Ontario Budget 2023: Summary and Highlights
Yesterday, the province of Ontario revealed the 2023 budget with record spending of $204.7 billion. The post-pandemic budget is allocating $81 billion to healthcare, which is the largest expense in the budget.
SCIO will continue to address systemic barriers for the needs of our community and work with the Ontario government to enhance the lives of people with disabilities and ensure that everyone has the potential to succeed and live a fulfilling life.
Health and hospital care continue to be a priority in Ontario, with the government increasing health infrastructure spending to $8 billion over the next ten years. The remainder of the health care budget will focus on Integrated Community Health Service Centres, health education and training and developing innovation pathways for new medical technologies with Supply Ontario.
Apart from an increase in health spending, Minister Bethlenfalvy is emphasizing similar priorities to the 2022 budget, with a focus on developing infrastructure, strengthening the health care system and economic development.
SCIO has reviewed the newly released budget.
Below are some key highlights that are of impact to our community and the 2.9 million Ontarians with disabilities:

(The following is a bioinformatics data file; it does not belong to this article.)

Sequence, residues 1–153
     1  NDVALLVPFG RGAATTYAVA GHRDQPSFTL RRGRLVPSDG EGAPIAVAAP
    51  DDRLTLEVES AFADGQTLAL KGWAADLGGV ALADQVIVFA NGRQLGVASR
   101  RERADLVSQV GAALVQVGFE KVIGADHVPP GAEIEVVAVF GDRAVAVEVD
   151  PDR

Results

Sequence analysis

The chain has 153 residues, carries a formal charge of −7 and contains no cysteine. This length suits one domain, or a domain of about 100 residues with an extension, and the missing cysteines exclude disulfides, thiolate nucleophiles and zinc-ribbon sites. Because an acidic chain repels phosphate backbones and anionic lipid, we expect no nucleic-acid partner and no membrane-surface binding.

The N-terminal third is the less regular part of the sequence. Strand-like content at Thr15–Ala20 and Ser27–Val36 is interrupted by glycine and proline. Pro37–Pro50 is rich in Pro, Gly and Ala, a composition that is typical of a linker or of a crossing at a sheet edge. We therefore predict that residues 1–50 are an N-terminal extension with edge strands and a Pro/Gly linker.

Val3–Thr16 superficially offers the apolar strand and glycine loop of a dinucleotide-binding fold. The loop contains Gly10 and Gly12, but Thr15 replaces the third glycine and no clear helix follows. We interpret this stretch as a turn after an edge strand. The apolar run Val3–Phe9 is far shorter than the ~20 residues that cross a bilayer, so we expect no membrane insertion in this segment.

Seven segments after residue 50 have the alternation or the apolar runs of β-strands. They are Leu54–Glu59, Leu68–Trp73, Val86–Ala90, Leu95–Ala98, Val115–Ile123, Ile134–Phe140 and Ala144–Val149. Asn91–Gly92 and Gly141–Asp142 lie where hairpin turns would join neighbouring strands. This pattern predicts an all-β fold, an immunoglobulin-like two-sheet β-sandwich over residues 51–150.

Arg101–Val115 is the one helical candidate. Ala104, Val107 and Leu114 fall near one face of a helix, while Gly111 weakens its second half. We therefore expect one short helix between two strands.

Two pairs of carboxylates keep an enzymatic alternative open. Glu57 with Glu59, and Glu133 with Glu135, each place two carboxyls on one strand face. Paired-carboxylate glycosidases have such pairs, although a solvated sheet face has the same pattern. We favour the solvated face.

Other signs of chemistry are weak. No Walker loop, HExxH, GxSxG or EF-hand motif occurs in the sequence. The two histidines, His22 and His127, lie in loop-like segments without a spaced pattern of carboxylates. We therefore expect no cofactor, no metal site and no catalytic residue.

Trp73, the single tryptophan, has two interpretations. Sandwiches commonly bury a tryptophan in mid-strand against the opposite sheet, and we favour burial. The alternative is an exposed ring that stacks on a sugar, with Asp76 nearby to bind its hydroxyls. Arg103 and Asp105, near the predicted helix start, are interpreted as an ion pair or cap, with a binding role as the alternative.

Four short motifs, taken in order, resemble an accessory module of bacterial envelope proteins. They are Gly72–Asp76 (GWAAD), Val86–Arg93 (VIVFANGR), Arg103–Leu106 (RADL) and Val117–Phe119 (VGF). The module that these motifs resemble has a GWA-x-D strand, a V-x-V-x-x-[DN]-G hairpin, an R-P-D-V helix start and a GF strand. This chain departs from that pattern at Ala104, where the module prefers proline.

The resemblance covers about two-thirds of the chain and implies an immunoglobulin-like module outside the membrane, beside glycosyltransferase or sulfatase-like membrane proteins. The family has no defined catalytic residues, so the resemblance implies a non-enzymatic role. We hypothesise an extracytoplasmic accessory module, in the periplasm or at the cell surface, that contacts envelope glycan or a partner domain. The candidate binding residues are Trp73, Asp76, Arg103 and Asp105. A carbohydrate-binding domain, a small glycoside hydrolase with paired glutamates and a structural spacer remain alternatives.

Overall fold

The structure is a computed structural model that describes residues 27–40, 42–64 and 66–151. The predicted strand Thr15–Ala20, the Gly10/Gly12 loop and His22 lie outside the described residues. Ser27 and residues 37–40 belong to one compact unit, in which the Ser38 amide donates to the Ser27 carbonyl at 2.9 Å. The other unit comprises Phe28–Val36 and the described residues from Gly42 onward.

- $3.349 billion to be spent on hospital infrastructure in 2023-2024. The remaining $48.119 billion is set to be spend over the next 10 years, and includes over $32 billion in hospital capital grants to support more than 50 hospital projects adding 3000 new beds over 10 years.
- $581 million for other health infrastructure spending in 2023-2024. A total of $8.482 billion is to be spent over the next ten years and includes $6.4 billion in spending on building 30,000 new long-term care beds and upgrading 28,000 beds by 2028.
- Ontario is committing to further expanding the scope of practice for pharmacists to include new ailments after a successful launch in January 2023.
Surgical Backlog and Integrated Community Health Service Centres
- An additional $72 million is being spend on the expansion of Integrated Community Health Service Centres, building on the $18 million announced earlier this year to expand the number of cataract surgeries and other minimally invasive procedures such as MRIs and CT scans.
Home and Community Care and Seniors Care
- $569 million toward accelerated funding, including $300 million to support contract rate increases to stabilize the home and community care workforce
- Proposed changes to expand the Guaranteed Annual Income System (GAINS) program, starting in July 2024. This is set to see about 100,000 more seniors eligible for the program.
- 23 additional palliative care beds to the 500 available.
- $120 million in Seniors Care at Home Tax Credits.
- $5 million annually to support 6,500 people with dementia to live in the community.
- Over $174 million over two years toward the Community Paramedicine for Long-Term Care Program.
- $5.5 million throughout 2023-24 toward building new Behavioral Specialized Units in long-term care homes with 70 new beds.
- $1.2 million to the Ontario Personal Support Workers Associated to help with recruitment by promoting the PSW profession within
- $1.2 million to the Ontario Personal Support Workers Association to help with recruitment efforts by promoting the personal support worker profession in the long‐term care sector.
Mental Health and Addictions